Avoidable (but Common) Errors in Content Writing – Part 1

Common Errors in Writing | IHuS Research

Of the few certainties of life, typing mistakes while writing would rank fairly high. Even the greatest minds have trouble getting everything right in their first drafts.

In fact, even professional content writers make such mistakes. The problem is not that mistakes are made but that people are unable to detect and rectify them. This especially happens while editing one’s own write-ups.

And even though the intermingling of different cultures and proliferation of chat clients and messengers, social media, news media, and web content has resulted in content that does not adhere much to traditional grammar rules (rather, it focuses on a good read), some rules do make for good writing.

Here is a small compilation of common errors in content writing that can be easily avoided.

Use of Commas:
Some of the toughest battles between the editor and the writer are on commas.

Without going into too much detail, some common cases where a comma is required include separations such as elements in a series, independent clauses, and introductory words or phrases.

In some instances, the comma can be included or left out. Here is an example: “I bought a t-shirt, a shirt, and a pair of shoes on my way back home”. The last comma before ‘and’ – called the Oxford comma – is optional. Though its usage has waned, it does offer some respite in a long sentence. It can be particularly useful when trying to make long sentences coherent.

Independent clauses that are joined by ‘and,’ ‘but,’ ‘for,’ ‘or,’ ‘nor,’ can be separated by commas as well. However, if two independent clauses joined by conjunctions make a full sentence then you can remove the comma.

At the beginning of a sentence, people use a subsequent comma after an introductory word or phrase. Here is an example: “In the beginning, I did not know how to use the comma.”

Did you notice that the first sentence of the above paragraph starting with ‘At the beginning…’ also had a subsequent comma?

A good way to avoid comma errors is to include them where you think they ought to be and then read out the sentence. If there are too many pauses, then you need to reduce commas or the sentence length. Secondly, try to avoid sentences that have an introductory phrase or clause. For instance, the first line of the paragraph above with the example will read better as: “People use a subsequent comma after an introductory word or phrase at the beginning of a sentence”.

Incomplete Comparisons:
This is another common mistake. People often write incomplete comparisons such as: “My car is faster, and better”. Well – faster and better than what? Whenever you use comparatives, complete the sentence in all respects.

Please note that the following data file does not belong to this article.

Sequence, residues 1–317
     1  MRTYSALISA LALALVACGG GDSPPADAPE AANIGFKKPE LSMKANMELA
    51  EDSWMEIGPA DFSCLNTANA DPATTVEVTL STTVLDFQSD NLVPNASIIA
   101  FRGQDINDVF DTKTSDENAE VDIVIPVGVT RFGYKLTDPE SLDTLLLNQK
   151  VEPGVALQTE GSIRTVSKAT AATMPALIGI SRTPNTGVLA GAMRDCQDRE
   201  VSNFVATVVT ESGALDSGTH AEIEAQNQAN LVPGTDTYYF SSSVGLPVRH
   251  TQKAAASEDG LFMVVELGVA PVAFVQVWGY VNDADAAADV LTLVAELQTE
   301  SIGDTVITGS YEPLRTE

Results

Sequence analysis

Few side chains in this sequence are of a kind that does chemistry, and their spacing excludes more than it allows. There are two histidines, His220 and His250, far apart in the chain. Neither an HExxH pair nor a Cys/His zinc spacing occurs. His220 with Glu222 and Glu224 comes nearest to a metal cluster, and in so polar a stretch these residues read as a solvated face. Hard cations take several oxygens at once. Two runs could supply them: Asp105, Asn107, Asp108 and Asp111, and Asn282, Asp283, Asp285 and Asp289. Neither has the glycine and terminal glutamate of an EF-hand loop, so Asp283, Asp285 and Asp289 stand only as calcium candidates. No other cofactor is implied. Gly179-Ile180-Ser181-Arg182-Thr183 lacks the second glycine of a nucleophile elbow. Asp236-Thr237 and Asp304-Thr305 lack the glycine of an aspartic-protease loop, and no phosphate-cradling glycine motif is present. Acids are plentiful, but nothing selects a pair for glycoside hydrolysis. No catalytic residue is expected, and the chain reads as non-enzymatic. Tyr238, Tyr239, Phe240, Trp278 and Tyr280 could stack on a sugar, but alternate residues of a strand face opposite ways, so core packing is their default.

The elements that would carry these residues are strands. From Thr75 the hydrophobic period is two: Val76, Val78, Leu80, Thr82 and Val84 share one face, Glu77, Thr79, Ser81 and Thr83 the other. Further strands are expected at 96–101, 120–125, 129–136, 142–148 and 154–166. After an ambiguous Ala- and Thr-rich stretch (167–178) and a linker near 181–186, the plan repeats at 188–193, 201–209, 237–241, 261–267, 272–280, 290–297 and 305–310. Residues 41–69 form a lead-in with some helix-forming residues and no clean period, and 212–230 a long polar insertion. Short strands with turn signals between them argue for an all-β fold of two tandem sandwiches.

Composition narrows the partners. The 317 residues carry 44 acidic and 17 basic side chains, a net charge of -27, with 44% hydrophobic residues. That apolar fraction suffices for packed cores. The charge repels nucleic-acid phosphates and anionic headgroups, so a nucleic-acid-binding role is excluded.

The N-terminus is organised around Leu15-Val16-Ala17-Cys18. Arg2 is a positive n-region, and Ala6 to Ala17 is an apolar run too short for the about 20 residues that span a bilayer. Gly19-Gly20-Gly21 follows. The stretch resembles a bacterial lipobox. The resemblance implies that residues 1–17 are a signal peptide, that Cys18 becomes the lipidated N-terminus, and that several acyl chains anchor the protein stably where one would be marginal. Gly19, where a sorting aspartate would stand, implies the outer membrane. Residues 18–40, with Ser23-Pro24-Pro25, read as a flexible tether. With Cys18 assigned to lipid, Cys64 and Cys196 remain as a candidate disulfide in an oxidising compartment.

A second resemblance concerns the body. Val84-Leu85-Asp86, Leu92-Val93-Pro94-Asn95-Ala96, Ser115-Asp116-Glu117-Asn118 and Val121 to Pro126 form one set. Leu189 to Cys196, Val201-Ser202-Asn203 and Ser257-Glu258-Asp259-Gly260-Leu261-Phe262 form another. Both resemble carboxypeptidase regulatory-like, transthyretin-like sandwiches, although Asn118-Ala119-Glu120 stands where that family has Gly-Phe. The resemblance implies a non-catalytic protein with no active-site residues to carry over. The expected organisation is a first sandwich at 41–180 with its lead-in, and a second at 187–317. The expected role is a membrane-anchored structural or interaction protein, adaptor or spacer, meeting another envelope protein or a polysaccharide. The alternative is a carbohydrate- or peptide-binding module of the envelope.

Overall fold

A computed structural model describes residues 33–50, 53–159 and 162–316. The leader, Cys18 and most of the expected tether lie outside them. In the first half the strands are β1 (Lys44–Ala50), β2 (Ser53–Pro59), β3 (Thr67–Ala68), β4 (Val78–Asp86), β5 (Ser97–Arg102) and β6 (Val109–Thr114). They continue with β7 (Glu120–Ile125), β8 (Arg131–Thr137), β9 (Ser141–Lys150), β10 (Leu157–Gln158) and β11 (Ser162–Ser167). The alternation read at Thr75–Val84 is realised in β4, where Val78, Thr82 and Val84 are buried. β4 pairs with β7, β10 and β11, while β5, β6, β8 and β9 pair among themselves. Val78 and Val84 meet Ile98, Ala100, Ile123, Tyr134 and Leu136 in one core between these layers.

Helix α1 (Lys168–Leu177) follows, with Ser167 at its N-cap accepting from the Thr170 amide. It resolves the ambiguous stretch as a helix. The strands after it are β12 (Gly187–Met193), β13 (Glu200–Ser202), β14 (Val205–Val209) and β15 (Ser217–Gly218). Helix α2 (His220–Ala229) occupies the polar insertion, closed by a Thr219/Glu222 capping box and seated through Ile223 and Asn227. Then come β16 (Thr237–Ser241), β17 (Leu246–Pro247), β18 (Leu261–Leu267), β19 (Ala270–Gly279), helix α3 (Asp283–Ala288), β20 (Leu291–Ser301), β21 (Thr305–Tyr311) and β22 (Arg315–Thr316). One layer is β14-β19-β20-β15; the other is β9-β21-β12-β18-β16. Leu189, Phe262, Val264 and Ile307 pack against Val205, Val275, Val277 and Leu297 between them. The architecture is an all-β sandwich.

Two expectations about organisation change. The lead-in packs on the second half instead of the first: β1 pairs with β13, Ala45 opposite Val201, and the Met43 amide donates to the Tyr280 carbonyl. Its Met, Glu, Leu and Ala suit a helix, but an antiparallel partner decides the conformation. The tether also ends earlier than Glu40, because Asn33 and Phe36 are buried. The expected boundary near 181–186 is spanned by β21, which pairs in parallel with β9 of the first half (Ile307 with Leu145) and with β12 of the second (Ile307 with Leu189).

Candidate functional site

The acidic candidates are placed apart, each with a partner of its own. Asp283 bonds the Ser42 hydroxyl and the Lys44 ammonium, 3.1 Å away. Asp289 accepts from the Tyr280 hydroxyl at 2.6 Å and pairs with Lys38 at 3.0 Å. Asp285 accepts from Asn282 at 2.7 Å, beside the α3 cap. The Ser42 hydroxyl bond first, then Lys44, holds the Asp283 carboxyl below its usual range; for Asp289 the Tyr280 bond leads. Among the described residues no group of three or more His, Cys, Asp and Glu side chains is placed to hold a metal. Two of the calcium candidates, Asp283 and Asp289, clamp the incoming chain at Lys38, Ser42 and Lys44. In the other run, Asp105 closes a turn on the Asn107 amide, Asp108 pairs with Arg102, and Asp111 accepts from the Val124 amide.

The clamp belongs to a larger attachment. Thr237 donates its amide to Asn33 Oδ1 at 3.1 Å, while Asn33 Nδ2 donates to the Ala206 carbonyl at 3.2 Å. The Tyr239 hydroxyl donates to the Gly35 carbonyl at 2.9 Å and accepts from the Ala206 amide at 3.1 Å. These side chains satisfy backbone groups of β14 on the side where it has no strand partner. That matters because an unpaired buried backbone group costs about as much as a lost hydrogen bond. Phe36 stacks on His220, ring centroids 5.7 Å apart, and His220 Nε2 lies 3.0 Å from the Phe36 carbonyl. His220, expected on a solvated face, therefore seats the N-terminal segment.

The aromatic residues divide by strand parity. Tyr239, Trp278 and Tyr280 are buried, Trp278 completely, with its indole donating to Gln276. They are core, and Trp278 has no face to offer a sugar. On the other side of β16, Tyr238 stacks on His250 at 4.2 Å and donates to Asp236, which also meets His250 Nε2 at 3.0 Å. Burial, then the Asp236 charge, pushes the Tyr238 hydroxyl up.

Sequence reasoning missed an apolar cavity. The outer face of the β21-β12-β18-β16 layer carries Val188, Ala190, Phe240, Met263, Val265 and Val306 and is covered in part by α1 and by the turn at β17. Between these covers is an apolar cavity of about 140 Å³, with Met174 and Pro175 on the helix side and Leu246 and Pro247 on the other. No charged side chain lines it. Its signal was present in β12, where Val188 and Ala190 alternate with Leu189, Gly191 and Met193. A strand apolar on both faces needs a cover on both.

This sentence should be: “My car is faster and better than yours (or your car)”. This makes the sentence more lucid for your readers.

The only possible exception is if the preceding sentence makes the context absolute and clear.

Passive Voice:
Sentences that have objects in them and especially nouns that receive the action tend to go into passive voice. Traditionally, the object of a sentence should be put at the end. However, in passive voice, it is placed at the start. This makes the sentence weak and unclear for readers. Ironically, the passive voice may actually make technical or scientific writing easier to understand.

Nonetheless, this is the traditional view. Passive voices do make for easier reading if combined in a write-up with active voices. So use both but don’t go overboard with either.

Have you had problems in school when you wrote a word twice twice in your hurry to complete the assignment? This common mistake happens because the mind sometimes waits for your hand to catch up. The brain also reiterates a word so you do not lose your train of thought. The result is repetition.

Easy way to avoid it – change MS Word’s (or any other word processor you use) language settings to check for spelling and grammar. This way, you will avoid repetition as the second word will be highlighted. That said, repetitions in some cases actually make sense. For instance, the sentence “If you had had ice cream, you wouldn’t feel low” is correct.

A better way is to read the content once s-l-o-w-l-y.

And yes, the word twice was repeated above just for the heck of it. We like to drive a point home again (and again). Call it madness. But our writers love our editors for this. Honest.

We will bring more such tips in the future. You see, we suddenly realised we cannot say we offer quality content writing services (only offered with SEO services) without helping someone outside the company improve her or his writing in some small way. The stress is on ‘small’. We are not that mad!

Image: Painting of Russian writer Evgeny Chirikov by Ivan Semenovich Kulikov (1875–1941)

This post originally appeared on our earlier website: ihusresearch.com